Nemo @ The Moonlight Library
5 Stars
The Hypnotic City by Andrea Berthot
The Hypnotic City (The Gold and Gaslight Chronicles Book 2) - Andrea Berthot

I received this book for free from the author in exchange for an honest review. This does not affect my opinion of the book or the content of my review.


Disclaimer: Andrea and I are Goodreads friends. This is because I read a review copy of The Heartless City, fell in love with it, and decided Andrea should be my new BFF, so I friend requested her (also to keep tabs on when her new books are coming out). My online ‘friendship’ with the author has absolutely no bearing on my rating of the book and the following review is my tree and honest feelings.


Philomena and Jennie have made it from London to New York, just as Phil always knew she would. Now she just has to bide her time and work her butt off until someone spots her enormous talent and turns her into the star she is destined to be!


I really loved The Hypnotic City, so much that it’s got a place on my six-stars shelf. I loved the plot, the characters, the writing, the pacing, the romance, that general feeling of unease Berthot managed to weave in there. I loved to hate the villain and I cheered when a specific gang of people showed up and I pretty much fell head over heels for this book. Philomena is a phenomenal, fiery young woman with more determination and ambition in her little finger than most people have in their whole lives. She’s destined to be a star, and when she finally starts listening to that powerful voice in her head that tells not to put with shit from anyone, her small act at a music hall leads to a lead role in a new musical by a young and powerful writer/producer called Tom. Meanwhile, Phil develops a very sweet relationship with a stage manager called Jamie, but Tom’s watching from the wings…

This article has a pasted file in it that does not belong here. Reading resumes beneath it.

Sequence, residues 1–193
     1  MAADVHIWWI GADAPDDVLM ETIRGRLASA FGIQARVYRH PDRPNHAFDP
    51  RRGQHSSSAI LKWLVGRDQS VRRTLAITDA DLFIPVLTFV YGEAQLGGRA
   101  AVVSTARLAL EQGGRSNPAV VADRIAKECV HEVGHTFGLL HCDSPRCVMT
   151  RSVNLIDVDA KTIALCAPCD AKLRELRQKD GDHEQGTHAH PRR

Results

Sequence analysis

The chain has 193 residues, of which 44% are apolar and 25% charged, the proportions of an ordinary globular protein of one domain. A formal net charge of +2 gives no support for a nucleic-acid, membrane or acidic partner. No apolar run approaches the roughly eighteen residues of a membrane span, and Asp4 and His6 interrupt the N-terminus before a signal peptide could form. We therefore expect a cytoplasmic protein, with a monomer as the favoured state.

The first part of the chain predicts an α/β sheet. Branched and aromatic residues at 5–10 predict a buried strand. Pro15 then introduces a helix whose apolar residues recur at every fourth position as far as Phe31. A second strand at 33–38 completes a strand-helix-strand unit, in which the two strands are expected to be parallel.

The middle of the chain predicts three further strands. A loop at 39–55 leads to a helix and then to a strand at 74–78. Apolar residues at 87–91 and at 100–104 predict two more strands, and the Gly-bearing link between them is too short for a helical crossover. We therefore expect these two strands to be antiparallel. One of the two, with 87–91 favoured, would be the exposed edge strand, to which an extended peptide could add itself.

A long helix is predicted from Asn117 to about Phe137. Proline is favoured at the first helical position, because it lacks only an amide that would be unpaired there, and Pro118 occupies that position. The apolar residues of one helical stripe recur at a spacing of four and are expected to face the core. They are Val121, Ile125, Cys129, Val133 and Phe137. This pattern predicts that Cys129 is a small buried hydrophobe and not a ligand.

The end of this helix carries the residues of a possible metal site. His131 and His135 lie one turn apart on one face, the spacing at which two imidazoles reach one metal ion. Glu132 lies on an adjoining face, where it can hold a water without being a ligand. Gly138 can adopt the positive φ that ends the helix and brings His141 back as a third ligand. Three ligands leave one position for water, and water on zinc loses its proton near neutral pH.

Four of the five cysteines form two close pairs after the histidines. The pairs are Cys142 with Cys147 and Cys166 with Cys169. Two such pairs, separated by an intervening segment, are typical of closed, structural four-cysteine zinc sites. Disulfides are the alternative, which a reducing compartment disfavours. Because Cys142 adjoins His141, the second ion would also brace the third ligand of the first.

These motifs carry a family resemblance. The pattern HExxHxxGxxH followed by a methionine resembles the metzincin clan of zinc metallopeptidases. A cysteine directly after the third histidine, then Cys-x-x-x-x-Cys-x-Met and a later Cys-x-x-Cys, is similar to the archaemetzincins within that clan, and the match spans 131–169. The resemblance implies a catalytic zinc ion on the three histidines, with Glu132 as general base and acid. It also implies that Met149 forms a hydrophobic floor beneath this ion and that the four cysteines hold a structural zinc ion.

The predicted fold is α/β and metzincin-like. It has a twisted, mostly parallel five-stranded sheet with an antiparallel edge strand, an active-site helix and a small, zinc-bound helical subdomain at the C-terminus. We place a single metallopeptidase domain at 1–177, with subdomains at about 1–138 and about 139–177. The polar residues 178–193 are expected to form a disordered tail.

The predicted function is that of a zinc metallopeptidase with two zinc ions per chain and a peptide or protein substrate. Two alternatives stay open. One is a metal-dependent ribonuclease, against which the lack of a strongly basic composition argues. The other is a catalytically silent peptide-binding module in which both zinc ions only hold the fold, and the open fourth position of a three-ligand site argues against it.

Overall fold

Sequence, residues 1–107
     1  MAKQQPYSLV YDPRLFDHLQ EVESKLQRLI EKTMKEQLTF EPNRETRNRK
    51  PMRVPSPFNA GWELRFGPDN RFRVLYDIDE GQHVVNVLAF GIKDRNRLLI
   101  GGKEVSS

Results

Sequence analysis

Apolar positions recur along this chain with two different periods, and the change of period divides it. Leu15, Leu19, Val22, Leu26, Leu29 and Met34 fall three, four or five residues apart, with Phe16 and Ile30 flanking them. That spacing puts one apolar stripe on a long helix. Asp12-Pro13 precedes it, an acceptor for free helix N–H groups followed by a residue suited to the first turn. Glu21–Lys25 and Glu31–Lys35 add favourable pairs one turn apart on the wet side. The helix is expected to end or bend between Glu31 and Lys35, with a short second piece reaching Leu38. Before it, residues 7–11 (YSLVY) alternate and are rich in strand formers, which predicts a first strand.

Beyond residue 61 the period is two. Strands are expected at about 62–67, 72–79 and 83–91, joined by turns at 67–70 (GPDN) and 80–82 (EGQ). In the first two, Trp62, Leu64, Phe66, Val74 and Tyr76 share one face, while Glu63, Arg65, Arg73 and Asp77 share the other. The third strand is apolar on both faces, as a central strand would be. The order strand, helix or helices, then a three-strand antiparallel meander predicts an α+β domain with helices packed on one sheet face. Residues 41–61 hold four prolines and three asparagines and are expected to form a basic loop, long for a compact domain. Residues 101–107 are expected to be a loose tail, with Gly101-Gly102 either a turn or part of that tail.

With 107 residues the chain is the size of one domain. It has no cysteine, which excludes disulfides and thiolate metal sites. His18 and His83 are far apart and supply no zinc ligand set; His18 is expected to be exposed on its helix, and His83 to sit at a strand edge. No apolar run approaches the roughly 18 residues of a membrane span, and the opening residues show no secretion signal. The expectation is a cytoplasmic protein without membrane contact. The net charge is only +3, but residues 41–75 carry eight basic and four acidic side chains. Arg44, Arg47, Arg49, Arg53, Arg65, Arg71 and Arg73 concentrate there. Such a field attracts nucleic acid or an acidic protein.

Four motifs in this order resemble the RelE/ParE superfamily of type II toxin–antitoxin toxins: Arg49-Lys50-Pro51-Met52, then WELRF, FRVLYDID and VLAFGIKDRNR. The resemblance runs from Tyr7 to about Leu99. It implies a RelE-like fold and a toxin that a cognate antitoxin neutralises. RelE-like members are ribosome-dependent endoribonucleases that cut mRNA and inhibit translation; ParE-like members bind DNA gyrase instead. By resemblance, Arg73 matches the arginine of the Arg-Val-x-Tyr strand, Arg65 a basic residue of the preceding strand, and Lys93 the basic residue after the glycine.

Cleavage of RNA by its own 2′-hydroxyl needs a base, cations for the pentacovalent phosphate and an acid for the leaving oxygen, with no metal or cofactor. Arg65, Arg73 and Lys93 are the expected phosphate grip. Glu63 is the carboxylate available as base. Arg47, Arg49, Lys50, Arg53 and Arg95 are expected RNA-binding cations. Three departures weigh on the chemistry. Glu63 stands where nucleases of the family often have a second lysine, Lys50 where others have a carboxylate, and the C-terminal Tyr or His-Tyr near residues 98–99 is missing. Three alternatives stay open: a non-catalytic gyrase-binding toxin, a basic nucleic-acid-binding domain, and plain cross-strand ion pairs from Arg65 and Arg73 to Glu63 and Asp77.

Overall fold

I love how even though The Hypnotic City was about this huge mystery and this huge consipiracy but it was also about the concept of the ‘nice guy’, and the study into the character who fits that shoe. He showers Philomena with everything she desires and expects her to return his affection ‘just because’ he’s done everything for her. It was so creepy watching this develop, and in fact I largely read on in denial even though I had a little voice in the back of my head going ‘be careful!’ because I’m generally a positive person and it took me a while to suspect that the Nice Guy had an ulterior motive. Well, so did Phil, so I guess we’re even.


Phil’s supporting cast mainly revolved around Jamie, her friend Jenny who quickly leaves the story due to her own romance, and two chorus girls Bonnie and Flo who, although were different to each other, I like to imagine as twins. The romance is a big part of the book but so is Phil’s hard work in the theatre. I might have liked to have seen more of rehearsals in the lead up to the big show but I know that’s not the point, especially when everyone was gushing about how great Phil was. I liked how Phil was smart enough to figure out her dilemma, and try to work out ways to escape. She certainly wasn’t willing to put up with any shit until she literally had no choice in the matter, and I loved that about her.



I tried to read the novel slowly and limited myself how much I read each day because otherwise I would have just devoured the whole thing. Every time I put it own, I ached to pick it back up. The pacing was incredible, every moment just ratcheting to the next and making everything bigger and better until the Worse Possible Thing happened, and then I confess I kind of wanted to put the book down again because I didn’t possibly see how Phil could get out of this problem all by herself. Luckily there were cameos of the characters I loved in the previous novel and that made everything better.


Overall I don’t want you to read this book because IT’S MINE ALL MINE.


No, I’m kidding. I don’t know if I have a particular ‘thing’ for YA Urban Historical Fantasy with this whole ‘science gone wrong’ thing or what, it seemed like the book was written just for me. Maybe you’ll find that, too, when you read it, because I wholeheartedly recommend it to everyone.

4 Stars
When Michael Met Mina by Randa Abdel-Fattah
When Michael Met Mina - Randa Abdel-Fattah


Follows the interactions between an Afghani refugee and the son of the leaders of a burgeoning political party against immigration ‘queue jumpers.’


Michael meets Mina at a protest and later realises they share classes as school. As they clash, Michael learns that he doesn’t have to believe what his parents teach him, and that Mina faces certain persecutions just by being a non-Australian. To be honest, the book is quite light on plot, it’s mostly dedicated to the romance the two share, and Michael’s character arc. For some unknown reason they keep their relationship a secret.